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30 Aug 2021

Hinshaw SP et al. J Child Psychol Psychiatry 2021; Epub ahead of print

Female presentations of ADHD have been largely overlooked in clinical and research settings (Young et al, 2020). This annual research review covers the issues of prevalence, diagnostic practices, diversity, comorbidity, causal factors and forces limiting awareness of ADHD in females.

The authors concluded from their review that females meet diagnostic criteria for ADHD at just under half the rate for males; however, this disparity reduces by adulthood and the ratio becomes much closer to equal. The authors proposed that females with ADHD have been historically underrepresented because of less overt (but still impairing) symptom manifestations in girls and women, and their frequent adoption of suppressive, compensatory behaviours. Furthermore, the authors found that females are more likely to present inattentive symptoms and associated internalising problems, and highlighted the differences in males, who display greater levels of hyperactive–impulsive symptoms and associated externalising problems.

Another finding of the review was that conclusions about sex differences in ADHD symptoms, impairments and other outcomes are dependent on the referral source, and differ greatly depending on the referral nature of the individuals being investigated. The authors also discussed the impairments of ADHD in females, concluding that females are likely to experience serious impairments regarding major domains in life, which persist from childhood through to adolescence. In particular, the authors noted the prevalence of relationship problems and self-harm in females with ADHD. The authors reviewed potential predictors and mediators of adult outcomes, finding that heterotypically continuous pathways in girls with ADHD, starting from early impulsivity or high levels of inattention, is prominent. In relation to this, the authors highlighted the prevalence of developmental progressions to self-harm, intimate partner violence, unplanned pregnancy and comorbid psychopathology in females with ADHD.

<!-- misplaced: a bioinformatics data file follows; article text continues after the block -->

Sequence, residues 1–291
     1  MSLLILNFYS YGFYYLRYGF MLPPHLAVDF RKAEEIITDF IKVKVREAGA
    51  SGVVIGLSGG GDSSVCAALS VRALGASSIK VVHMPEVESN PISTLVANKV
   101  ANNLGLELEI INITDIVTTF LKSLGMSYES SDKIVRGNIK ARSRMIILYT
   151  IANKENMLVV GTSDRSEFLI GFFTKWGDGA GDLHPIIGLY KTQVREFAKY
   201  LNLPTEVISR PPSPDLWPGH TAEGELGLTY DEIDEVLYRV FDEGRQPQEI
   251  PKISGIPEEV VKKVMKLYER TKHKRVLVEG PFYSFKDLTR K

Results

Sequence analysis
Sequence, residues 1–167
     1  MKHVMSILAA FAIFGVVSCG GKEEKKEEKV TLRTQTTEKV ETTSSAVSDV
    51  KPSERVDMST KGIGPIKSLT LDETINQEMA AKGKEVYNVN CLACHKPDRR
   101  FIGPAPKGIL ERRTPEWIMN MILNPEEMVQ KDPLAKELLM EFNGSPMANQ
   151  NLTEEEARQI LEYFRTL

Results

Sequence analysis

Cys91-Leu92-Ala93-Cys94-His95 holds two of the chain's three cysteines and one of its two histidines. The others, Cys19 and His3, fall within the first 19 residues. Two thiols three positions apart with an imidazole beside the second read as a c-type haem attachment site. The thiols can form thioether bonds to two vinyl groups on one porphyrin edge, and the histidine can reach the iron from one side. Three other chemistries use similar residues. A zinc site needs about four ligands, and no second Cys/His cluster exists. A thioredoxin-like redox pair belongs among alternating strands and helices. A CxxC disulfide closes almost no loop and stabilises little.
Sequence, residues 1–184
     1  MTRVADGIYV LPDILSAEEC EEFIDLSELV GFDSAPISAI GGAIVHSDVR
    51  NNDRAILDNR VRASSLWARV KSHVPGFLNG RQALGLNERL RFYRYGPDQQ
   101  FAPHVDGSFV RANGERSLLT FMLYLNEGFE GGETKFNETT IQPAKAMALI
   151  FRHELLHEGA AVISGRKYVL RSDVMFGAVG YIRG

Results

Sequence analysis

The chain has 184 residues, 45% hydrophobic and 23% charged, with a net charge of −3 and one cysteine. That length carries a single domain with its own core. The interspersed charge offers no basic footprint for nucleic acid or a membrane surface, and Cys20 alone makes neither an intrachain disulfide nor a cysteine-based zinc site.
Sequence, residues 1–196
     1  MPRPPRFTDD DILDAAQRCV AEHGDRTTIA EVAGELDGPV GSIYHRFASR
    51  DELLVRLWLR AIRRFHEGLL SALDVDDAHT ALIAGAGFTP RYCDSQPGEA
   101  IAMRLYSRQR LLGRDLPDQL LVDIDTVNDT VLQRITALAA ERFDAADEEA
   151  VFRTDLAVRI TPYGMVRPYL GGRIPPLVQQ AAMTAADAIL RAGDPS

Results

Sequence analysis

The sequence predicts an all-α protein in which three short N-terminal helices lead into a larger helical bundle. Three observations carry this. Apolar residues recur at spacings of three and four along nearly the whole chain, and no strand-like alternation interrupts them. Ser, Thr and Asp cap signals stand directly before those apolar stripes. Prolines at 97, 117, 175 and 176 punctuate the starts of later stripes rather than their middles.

The authors recommended that a thorough, evidence-based assessment is essential in females with ADHD, including behavioural, emotional and learning issues. Within this, they highlighted the importance of developmental histories and the need to evaluate the strengths in the assessment process of females with ADHD. Regarding treatment, the authors suggested that parent and school-based management programmes, promotion of social skills and education around relationships are needed. The authors encouraged future research into the exploration of developmental pathways and causal mechanisms linking female presentation of ADHD to long-term outcomes, in order to further scientific understanding and improve responsive intervention methods.

Read more about ADHD in females here

Disclaimer: The views expressed here are the views of the author(s) and not those of Takeda.

Hinshaw SP, Nguyen PT, O’Grady SM, et al. Annual Research Review: Attention-deficit/hyperactivity disorder in girls and women: underrepresentation, longitudinal processes, and key directions. J Child Psychol Psychiatry 2021; Epub ahead of print.

Young S, Adamo N, Ásgeirsdóttir BB, et al. Females with ADHD: an expert consensus statement taking a lifespan approach providing guidance for the identification and treatment of attention-deficit/ hyperactivity disorder in girls and women. BMC Psychiatry 2020; 20: 404.

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